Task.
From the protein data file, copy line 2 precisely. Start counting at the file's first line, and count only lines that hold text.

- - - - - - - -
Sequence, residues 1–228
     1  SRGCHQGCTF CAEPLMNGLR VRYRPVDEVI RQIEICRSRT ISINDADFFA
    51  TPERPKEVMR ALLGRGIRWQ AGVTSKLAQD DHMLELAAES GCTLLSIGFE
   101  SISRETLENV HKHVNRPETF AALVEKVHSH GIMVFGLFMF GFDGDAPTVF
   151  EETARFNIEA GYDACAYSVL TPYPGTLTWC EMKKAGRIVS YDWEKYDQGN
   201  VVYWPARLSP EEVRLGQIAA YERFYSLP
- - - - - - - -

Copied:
     1  SRGCHQGCTF CAEPLMNGLR VRYRPVDEVI RQIEICRSRT ISINDADFFA